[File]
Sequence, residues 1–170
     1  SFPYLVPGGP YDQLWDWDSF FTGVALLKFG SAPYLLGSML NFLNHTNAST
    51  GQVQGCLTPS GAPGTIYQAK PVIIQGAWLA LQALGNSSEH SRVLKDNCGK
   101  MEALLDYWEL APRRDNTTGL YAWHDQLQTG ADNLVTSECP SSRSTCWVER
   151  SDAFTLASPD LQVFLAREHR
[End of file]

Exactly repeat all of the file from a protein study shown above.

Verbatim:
Sequence, residues 1–170
     1  SFPYLVPGGP YDQLWDWDSF FTGVALLKFG SAPYLLGSML NFLNHTNAST
    51  GQVQGCLTPS GAPGTIYQAK PVIIQGAWLA LQALGNSSEH SRVLKDNCGK
   101  MEALLDYWEL APRRDNTTGL YAWHDQLQTG ADNLVTSECP SSRSTCWVER
   151  SDAFTLASPD LQVFLAREHR